Chinese named in test-taking scam deported from US
Updated: 2015-07-31 10:39
An SAT promotional poster is seen at the Beijing Education Expo on Nov 2, 2013. PROVIDED FOR CHINA DAILY
PITTSBURGH - A federal judge in Pennsylvania on Wednesday ordered a Chinese national to be deported for his role in a testing scam in which clients paid imposters to take standardized tests to win admission to elite US universities.
Biyuan Li, 25, who lived in Boston and had pleaded guilty to the scheme, was sentenced to five years probation and ordered out of the US immediately.
Li helped create a fake passport for co-conspirator Han Tong, 24, a Chinese national who lived in Pittsburgh, so that Tong could take a Graduate Record Examination (GRE) for him, prosecutors said.
Tong, the lead defendant among more than a dozen in the case, pleaded guilty on Wednesday to one count of conspiracy, two counts of mail fraud and one count of making and using forged passports. Prosecutors said he helped to arrange at least 10 fraudulent tests and obtained seven fake passports.
Accused members of the ring used the counterfeit Chinese passports to take exams, pretending to be the person who was applying to top universities, prosecutors said.
Li submitted his fraudulent scores in 2014 to graduate schools at Johns Hopkins University, Columbia University, University of Pennsylvania, New York University, Cornell University, Brown University and Carnegie Mellon University, prosecutors said.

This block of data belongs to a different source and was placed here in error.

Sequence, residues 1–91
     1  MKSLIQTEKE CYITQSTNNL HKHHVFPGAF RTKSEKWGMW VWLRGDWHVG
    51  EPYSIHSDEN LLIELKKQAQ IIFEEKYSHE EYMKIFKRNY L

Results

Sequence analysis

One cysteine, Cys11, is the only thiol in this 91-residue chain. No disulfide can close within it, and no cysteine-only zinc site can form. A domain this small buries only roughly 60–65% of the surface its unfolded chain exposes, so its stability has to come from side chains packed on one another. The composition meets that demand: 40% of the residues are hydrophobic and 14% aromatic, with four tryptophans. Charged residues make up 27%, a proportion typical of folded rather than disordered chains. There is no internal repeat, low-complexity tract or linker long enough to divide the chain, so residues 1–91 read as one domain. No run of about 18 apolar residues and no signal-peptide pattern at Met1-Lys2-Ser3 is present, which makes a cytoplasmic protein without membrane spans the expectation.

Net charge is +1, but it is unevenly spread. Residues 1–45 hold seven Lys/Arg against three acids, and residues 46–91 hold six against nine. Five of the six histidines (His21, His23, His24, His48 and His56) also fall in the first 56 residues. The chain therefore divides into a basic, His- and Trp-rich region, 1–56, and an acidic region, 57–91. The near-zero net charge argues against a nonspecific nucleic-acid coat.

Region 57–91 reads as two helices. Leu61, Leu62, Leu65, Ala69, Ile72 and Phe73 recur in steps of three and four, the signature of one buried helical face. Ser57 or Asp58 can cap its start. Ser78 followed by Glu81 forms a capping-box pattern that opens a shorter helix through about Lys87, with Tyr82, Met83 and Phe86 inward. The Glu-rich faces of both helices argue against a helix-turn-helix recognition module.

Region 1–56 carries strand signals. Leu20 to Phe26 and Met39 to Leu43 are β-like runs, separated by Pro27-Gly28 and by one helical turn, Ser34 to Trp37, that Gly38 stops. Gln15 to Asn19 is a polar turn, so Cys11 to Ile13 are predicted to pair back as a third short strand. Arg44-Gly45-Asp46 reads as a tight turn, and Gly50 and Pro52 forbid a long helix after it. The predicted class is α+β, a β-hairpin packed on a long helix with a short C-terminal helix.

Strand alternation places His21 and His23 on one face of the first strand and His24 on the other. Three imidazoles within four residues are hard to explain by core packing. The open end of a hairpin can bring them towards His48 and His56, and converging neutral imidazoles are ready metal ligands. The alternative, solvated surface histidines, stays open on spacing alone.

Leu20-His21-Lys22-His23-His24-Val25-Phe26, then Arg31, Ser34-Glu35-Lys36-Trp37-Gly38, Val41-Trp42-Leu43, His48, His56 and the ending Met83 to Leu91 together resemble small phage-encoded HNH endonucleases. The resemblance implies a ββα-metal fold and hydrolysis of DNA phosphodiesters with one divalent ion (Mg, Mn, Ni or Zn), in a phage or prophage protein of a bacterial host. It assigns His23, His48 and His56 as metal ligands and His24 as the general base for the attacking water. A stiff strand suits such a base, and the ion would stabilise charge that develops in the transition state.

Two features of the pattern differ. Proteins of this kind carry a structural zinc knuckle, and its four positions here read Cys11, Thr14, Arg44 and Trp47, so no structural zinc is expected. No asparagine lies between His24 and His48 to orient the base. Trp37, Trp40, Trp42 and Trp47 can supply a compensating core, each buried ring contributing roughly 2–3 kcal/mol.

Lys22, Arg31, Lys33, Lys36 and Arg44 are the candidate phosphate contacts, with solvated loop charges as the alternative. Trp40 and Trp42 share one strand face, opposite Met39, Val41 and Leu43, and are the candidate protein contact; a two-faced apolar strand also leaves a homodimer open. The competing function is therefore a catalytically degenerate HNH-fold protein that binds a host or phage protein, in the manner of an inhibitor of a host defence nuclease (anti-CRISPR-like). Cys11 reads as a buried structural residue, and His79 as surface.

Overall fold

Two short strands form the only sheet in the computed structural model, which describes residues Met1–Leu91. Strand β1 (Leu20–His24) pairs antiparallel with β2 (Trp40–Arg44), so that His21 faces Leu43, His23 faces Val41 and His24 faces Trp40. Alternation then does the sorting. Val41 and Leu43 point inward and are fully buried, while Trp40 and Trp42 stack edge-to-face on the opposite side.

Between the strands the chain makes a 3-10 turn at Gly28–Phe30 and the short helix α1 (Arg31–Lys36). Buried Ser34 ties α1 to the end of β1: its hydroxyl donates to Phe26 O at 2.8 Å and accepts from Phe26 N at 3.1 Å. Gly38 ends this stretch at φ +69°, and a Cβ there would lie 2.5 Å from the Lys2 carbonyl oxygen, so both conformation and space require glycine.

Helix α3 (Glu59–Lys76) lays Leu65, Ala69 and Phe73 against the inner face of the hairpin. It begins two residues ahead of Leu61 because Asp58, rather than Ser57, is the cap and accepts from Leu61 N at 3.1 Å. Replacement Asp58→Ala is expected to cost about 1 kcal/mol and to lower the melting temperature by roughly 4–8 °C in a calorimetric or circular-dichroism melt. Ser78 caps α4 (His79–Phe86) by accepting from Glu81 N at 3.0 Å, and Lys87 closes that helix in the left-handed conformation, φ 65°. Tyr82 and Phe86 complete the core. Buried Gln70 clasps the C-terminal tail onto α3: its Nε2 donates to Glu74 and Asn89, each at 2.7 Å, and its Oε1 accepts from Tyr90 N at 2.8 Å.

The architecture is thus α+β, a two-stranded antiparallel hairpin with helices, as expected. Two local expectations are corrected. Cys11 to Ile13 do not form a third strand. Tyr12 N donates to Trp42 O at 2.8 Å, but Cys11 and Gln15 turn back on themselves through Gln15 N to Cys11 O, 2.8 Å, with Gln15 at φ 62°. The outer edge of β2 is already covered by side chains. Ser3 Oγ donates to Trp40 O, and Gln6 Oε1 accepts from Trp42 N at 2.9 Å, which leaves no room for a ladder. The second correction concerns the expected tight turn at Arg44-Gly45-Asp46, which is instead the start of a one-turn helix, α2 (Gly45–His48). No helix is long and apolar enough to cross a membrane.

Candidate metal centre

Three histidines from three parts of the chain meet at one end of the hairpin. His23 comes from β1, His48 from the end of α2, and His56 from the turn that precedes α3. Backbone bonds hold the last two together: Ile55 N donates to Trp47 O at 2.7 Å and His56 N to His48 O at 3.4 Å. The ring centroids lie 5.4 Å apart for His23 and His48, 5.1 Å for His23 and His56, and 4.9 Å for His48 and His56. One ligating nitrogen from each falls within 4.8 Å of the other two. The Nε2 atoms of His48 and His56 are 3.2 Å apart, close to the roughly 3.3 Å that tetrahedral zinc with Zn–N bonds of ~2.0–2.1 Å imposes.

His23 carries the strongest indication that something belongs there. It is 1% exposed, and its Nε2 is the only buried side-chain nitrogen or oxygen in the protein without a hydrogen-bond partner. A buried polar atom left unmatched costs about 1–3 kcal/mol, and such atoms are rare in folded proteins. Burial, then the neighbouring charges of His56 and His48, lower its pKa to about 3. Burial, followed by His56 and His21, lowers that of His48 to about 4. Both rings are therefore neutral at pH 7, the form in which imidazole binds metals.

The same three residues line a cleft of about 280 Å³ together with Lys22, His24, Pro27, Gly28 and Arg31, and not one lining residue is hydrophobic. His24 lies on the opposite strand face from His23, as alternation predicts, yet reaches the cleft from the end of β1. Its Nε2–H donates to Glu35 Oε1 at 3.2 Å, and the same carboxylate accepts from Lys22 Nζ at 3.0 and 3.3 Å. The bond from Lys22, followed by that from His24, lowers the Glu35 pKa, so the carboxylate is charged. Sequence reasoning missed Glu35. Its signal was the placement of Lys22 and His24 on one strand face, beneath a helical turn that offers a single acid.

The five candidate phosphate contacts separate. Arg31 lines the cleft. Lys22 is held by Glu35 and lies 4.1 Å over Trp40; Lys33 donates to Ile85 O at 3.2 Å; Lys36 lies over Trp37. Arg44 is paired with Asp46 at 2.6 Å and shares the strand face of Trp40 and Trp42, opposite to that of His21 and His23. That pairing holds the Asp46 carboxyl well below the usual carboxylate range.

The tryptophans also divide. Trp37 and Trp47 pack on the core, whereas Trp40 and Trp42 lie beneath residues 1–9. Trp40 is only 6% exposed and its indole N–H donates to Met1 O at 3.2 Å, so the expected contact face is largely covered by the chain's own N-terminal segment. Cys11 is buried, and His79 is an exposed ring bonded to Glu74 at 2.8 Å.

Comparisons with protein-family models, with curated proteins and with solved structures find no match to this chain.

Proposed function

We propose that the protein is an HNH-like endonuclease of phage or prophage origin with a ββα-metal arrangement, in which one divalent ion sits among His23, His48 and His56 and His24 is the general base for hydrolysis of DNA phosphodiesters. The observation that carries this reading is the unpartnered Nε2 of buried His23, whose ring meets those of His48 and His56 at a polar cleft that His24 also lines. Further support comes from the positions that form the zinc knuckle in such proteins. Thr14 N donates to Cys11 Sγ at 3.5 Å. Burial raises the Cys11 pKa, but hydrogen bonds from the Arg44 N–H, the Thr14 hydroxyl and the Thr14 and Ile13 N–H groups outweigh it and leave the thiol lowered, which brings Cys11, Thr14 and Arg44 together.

Tong used fake scores he obtained through the service to gain admission to the University of Pittsburgh and once in Pittsburgh, prosecutors said he helped the overseas operation conduct business and ran side jobs on his own.
Between 2011 and 2015, mainly in western Pennsylvania, paid imposters organized by an overseas partner through Tong took the SAT, the Test of English as a Foreign Language (TOEFL) and the GRE under false names, according to federal prosecutors.
Li told authorities he paid nearly $6,000 to someone based in China for the test-taking service.
Both the test-takers and the people they claimed to be were charged.
Li was to be sentenced on Oct. 30, but he requested expedited processing, which took place on Wednesday in US District Court in Pittsburgh.
Eight other people pleaded not guilty last month to charges stemming from the scam.
Tong will be sentenced on Nov. 12, and faces a maximum penalty of 55 years in prison and a $1 million fine, a prosecutor said. Neither his lawyer nor Li's lawyer were available for comment.
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